What's the best way to find an entrepreneur who is running a Korean restaurant who is willing to talk to you but doesn't live nearby?

Here's one way to do it. Just use our link below, find somebody and call them.

Top Three Reasons to Buy an Established Korean Restaurant

It's almost always preferable to buy a Korean restaurant than to pursue a Korean restaurant startup.

You'll want to conduct a comprehensive due diligence process, but here are three arguments why you should think about buying instead of a startup.

  • Initial Revenue. Startups struggle to bring in revenue right out of the gate while existing businesses usually have a steady stream of income.
  • Operational Efficiency. A good Korean restaurant should already function like a well-oiled machine.
  • Funding. With several years of operations under its belt, a purchased company is much more appealing to lenders and investors interested in avoiding the risk of an unproven startup.

Franchising May Be a Better Way to Go

Your odds of growing your business are greatly increased if you decide to franchise and leverage their successful brand and track record.

If you planning on starting a Korean restaurant, you would be wise to investigate whether franchise opportunities in your space might simplify your entering the business.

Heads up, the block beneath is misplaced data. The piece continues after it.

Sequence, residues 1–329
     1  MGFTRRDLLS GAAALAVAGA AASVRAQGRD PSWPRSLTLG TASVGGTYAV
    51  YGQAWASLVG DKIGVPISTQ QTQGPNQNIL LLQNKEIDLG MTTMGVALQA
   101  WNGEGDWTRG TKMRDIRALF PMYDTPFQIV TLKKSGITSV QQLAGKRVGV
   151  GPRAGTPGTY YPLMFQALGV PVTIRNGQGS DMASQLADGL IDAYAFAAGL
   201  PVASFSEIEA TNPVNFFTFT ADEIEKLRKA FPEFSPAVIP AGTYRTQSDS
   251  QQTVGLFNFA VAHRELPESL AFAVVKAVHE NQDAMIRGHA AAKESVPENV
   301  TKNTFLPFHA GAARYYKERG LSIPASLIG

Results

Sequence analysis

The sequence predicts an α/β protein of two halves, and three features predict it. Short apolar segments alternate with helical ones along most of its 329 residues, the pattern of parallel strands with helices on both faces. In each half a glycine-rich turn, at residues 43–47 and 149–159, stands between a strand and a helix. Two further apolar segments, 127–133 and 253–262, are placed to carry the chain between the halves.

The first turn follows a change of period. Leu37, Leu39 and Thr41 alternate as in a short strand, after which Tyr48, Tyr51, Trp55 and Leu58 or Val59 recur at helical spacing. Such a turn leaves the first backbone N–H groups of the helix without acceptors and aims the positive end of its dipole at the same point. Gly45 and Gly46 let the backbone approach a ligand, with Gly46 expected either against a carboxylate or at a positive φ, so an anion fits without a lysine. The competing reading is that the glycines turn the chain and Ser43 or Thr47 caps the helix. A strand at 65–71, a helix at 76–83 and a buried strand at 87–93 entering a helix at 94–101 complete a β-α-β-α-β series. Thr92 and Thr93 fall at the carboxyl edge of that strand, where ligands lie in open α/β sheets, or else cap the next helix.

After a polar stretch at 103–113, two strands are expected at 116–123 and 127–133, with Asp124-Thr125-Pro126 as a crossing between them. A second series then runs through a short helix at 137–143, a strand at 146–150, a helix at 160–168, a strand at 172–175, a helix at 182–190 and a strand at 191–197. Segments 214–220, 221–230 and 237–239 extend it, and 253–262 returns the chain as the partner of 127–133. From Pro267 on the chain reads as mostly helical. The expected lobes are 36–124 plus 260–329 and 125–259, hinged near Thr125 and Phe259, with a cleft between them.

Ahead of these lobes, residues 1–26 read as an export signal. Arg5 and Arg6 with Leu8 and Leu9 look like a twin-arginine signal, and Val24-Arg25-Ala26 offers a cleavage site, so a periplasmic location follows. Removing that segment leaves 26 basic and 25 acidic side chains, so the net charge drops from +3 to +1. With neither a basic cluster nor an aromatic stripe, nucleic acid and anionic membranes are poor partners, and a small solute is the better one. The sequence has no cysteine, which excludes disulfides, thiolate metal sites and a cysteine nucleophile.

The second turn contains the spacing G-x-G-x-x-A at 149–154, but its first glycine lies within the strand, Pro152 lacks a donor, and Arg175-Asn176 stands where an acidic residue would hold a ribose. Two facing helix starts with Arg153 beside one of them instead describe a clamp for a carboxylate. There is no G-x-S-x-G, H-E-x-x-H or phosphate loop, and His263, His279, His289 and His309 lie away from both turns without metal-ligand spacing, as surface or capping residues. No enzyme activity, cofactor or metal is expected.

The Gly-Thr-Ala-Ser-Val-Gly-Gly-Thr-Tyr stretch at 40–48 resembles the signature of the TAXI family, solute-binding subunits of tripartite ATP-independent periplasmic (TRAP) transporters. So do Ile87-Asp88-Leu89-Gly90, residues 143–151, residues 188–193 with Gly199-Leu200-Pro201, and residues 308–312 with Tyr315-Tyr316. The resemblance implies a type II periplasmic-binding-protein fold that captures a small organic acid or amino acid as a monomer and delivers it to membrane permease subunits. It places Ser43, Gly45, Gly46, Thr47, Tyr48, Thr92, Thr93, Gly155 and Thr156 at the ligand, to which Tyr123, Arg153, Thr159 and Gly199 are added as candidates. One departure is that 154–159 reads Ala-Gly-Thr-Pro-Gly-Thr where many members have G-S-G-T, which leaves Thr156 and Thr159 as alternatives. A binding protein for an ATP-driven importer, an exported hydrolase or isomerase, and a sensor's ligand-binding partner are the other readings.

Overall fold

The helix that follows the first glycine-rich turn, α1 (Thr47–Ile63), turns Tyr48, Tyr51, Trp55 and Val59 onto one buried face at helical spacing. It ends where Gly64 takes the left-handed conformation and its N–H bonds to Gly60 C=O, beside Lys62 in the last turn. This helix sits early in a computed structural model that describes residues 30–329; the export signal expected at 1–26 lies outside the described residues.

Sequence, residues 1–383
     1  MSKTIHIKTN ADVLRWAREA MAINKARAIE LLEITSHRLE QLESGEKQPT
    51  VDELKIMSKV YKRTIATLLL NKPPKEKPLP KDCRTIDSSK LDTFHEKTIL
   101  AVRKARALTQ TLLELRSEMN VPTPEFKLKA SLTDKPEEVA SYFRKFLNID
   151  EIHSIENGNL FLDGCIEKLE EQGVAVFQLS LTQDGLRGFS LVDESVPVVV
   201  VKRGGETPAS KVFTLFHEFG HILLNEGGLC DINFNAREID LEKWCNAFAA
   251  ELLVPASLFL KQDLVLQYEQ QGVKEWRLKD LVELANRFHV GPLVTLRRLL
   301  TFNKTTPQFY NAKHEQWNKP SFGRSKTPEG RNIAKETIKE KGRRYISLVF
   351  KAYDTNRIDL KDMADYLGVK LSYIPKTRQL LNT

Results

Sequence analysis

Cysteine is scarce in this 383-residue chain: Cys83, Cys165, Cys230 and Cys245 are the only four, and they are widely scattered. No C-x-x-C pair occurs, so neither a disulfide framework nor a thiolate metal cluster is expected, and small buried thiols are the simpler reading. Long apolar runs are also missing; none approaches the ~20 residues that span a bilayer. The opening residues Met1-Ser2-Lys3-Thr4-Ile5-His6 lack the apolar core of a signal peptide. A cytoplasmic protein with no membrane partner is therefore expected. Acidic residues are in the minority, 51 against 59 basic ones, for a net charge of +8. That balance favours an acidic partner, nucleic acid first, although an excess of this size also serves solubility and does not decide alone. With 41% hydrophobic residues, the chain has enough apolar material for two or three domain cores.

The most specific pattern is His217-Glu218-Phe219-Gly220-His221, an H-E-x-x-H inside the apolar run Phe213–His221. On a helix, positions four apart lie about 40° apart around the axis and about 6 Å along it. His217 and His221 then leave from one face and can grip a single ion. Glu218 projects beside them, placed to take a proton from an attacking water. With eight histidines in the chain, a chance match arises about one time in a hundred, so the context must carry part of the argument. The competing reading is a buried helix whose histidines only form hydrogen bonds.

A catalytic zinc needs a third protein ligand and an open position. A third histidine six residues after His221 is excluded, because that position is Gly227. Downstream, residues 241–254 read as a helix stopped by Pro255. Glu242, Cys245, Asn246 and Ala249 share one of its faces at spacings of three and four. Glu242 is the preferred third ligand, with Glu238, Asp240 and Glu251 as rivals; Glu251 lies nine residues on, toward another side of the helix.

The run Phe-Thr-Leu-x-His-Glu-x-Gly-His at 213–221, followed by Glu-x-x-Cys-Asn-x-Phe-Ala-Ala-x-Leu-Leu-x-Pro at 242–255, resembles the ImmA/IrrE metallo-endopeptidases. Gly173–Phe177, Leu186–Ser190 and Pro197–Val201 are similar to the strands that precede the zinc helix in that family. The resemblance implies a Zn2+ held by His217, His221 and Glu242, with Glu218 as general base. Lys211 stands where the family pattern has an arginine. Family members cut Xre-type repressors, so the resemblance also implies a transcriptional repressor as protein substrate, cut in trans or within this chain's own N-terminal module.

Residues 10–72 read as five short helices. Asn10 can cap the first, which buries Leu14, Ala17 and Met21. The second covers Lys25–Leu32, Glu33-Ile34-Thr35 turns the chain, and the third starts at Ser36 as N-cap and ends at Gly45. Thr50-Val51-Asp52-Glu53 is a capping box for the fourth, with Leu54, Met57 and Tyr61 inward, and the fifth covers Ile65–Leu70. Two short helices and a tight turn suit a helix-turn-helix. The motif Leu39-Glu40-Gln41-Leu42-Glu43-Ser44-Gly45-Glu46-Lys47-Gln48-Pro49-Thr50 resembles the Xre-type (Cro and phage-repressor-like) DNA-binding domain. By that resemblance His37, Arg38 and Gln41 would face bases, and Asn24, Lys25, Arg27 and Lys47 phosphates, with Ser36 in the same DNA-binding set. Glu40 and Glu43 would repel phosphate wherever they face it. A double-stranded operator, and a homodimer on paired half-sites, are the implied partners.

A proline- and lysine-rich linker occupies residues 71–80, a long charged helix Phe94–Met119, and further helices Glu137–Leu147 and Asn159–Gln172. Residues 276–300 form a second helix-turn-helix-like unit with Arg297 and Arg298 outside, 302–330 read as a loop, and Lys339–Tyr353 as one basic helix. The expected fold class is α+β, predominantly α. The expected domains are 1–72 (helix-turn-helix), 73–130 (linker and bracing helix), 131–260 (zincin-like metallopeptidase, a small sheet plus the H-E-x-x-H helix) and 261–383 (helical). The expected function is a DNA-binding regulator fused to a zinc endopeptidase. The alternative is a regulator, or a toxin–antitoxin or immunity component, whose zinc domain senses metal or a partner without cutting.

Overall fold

The link below gives you access to our franchise directory so you can see if there's a franchise opportunity for you. You might even find something that points you in a completely different direction.

More Startup Articles

These additional resources regarding getting started as an entrepreneur may be of interest to you.

How to Get a DUNS Number

Questions to Ask Before Starting a Business

Buying vs. Starting a Business


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Are You Already a Korean Restaurant Owner?

If you currently own a Korean restaurant, these resources will come in handy:

Marketing a Korean Restaurant

Selling a Korean Restaurant

Do You Sell to Korean Restaurants?

If you came here to learn about selling to Korean restaurants, we've got better information for you elsewhere on our site. These resources are more appropriate for you:

Selling to Korean Restaurants

Mailing Lists for Korean Restaurants